In our examples, the quincunx (5 signs) to 20 Taurus is 20 Libra, and if we subtract 6 degrees, we see that 14 Libra is a biquintile to 20 Taurus. Counting the other direction, 5 signs earlier than 20 Taurus is 20 Sagittarius, and shortening the length from 150 to 144, we find that 26 Sagittarius is the other biquintile to 20 Taurus. The quincunx to 13 Libra is 13 Pisces, and subtracting 6 we see the biquintile is at 7 Pisces. The other biquintile is found by taking the other quincunx to 13 Libra at 13 Taurus, and shortening the span, we see it’s at 19 Taurus.
You can do a quick check on the biquintiles by remembering they are literally the span of two quintiles. So a quick check is to find the quintile, then find the biquintile. Do that both directions, and you find the 5 pointed Star made from any given point in the zodiac!
Other aspects can be found using the same “shorthand.” A septile (51+ degrees) is a sextile minus 9 degrees. The septile from 20 Taurus is about 11 Cancer, while the other one is at 29 Pisces. The septile from 13 Libra is about 4 Sagittarius, with the other one about 22 Leo. In both cases the aspect is around 9 degrees short of a sextile, or two signs from wherever you’re counting.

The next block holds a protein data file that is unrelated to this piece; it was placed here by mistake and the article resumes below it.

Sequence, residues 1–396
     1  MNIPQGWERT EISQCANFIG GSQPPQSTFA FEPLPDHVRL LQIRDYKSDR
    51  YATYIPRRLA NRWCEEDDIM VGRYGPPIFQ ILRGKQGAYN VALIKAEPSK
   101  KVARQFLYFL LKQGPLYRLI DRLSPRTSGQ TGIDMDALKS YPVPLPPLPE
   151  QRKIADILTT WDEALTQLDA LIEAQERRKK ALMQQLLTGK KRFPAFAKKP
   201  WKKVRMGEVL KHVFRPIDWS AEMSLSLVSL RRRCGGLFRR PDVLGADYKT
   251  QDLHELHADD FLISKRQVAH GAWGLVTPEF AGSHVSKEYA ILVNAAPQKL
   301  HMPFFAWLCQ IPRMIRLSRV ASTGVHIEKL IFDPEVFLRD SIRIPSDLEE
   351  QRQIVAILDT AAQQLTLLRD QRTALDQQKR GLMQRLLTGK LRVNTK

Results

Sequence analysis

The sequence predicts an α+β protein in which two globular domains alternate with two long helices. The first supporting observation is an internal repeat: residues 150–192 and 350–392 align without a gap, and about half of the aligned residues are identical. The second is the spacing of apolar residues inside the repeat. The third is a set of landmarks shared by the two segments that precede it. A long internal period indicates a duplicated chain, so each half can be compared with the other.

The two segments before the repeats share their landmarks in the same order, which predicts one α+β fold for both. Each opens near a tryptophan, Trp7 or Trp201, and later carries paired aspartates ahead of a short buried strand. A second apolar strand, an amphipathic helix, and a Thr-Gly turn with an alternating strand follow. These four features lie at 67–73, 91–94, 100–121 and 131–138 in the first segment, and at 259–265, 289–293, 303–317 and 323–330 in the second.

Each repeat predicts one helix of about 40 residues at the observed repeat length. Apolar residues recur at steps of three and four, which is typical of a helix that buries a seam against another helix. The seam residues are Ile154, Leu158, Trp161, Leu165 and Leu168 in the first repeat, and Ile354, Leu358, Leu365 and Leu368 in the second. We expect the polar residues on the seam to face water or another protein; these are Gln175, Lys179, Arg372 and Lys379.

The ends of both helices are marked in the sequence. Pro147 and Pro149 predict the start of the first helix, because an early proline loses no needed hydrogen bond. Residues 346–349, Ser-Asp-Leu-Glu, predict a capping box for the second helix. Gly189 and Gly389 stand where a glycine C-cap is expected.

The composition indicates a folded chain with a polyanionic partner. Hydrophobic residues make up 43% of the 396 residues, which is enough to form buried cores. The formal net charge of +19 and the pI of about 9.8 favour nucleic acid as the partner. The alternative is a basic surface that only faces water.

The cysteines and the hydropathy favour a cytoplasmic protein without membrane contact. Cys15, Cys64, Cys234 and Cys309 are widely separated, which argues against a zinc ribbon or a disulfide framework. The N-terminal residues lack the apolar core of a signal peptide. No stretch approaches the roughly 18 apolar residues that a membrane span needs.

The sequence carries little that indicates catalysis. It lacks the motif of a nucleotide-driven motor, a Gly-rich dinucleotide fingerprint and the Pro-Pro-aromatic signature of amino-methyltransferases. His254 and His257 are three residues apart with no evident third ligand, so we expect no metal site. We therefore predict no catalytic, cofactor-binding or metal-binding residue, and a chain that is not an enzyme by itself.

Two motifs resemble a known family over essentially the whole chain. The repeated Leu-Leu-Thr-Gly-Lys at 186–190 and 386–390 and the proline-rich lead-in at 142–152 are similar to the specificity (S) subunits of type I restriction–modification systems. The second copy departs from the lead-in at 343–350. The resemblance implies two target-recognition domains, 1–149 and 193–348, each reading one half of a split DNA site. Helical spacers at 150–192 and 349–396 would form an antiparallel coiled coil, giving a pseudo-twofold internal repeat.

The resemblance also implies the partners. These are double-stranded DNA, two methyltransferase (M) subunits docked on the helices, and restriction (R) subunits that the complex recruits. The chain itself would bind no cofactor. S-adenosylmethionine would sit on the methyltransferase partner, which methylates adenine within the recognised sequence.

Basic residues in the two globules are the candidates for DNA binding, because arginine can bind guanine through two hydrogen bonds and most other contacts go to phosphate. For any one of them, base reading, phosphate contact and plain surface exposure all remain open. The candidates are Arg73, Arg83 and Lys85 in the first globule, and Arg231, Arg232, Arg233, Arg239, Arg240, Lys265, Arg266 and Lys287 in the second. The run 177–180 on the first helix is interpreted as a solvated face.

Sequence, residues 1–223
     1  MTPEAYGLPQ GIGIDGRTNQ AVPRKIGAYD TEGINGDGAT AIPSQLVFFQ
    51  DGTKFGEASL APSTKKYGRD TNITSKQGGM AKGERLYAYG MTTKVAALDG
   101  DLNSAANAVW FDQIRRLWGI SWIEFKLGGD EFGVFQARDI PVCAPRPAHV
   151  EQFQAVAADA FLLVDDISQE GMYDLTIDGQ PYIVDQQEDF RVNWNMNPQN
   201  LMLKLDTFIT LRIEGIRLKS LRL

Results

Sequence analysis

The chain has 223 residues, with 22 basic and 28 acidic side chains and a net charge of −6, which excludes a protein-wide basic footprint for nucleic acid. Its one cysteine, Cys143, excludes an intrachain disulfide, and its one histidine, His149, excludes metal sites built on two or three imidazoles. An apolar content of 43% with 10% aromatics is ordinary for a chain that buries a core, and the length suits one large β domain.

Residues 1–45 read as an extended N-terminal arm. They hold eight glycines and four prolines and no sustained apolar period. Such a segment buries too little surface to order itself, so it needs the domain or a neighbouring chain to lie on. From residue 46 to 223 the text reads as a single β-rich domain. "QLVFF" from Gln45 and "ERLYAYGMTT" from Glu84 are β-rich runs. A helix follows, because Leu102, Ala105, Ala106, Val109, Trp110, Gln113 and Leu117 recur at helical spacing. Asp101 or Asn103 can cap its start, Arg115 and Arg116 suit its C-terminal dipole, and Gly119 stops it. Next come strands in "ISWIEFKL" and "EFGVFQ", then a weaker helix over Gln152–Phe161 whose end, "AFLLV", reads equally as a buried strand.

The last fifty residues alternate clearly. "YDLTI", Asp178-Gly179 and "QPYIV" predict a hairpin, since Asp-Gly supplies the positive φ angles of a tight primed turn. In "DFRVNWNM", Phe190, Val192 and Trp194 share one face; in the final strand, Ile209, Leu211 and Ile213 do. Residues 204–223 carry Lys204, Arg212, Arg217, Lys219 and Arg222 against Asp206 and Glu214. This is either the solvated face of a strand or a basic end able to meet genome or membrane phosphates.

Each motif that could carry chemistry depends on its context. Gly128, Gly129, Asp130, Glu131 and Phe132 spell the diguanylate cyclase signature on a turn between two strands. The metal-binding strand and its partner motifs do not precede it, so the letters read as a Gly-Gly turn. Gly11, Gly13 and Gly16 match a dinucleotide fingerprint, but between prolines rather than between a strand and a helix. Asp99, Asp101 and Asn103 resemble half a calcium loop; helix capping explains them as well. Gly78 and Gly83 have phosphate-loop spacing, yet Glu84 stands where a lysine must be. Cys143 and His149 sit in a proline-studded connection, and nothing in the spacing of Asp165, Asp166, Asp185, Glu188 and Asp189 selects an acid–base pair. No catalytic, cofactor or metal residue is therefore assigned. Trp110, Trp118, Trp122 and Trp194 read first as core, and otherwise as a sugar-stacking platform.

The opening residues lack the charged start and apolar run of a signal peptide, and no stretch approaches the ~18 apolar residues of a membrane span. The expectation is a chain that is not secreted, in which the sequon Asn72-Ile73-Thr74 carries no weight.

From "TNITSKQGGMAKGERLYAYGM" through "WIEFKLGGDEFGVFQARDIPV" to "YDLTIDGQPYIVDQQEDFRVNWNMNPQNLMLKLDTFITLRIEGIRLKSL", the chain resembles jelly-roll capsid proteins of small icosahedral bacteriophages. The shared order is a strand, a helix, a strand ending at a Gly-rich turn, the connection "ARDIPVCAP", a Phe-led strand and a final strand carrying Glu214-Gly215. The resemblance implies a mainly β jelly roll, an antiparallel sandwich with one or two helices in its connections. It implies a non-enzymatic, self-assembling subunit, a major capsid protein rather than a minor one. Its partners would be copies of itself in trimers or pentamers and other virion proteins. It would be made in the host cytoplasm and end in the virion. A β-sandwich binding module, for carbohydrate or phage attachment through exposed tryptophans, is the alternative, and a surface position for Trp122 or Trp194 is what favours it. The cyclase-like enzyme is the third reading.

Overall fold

The biseptile is about 103 degrees. That is 3 signs and 13 degrees either way from a point. Add 3 signs to 20 Taurus and you get 20 Leo; add 13 more degrees and the biseptile to 20 Taurus will be found around 3 Virgo. Going the other direction, 3 signs the other way is 20 Aquarius, and adding another 13 degrees puts the other biseptile at 7 Aquarius. 13 Libra plus 3 signs is 13 Capricorn; add 13 more, and you find the biseptile to 13 Libra at 26 Capricorn. 13 Libra minus 3 signs is 13 Cancer. Go 13 more degrees back, and the biseptile is found around 30 Gemini or 1 Cancer.
You can also use this shorthand for other aspects. Again, make sure you’re adding when you go forward, and add what you need to when going the other direction. Add in this sense means further in each direction, even if it’s taking you to an earlier part of the zodiac.
The triseptile (154+ degrees) is 5 signs (the quincunx) plus about 4 degrees either direction. The tredecile (108 degrees) is 4 signs (the trine) minus 12 degrees either direction. The semisquare (45 degrees) is one sign plus 15 either direction; the sesquisquare (135 degrees) is 4 signs (the trine) plus 15 in either direction. The novile (40 degrees) is one sign plus 10 degrees either direction; the binovile (80 degrees) is either 2 signs plus 20 degrees either direction, or 3 signs (the square) minus 10 degrees. The quadranovile (160 degrees) is always a quincunx (5 signs) plus another 10 degrees either direction.
While this may seem a bit complicated, you’ll see pretty quickly that you can get a general sense of the aspects at a glance, and with practice you’ll be able to spot aspects fairly quickly. And that’s how I do it, folks!
© Copyright 2018 Robert Wilkinson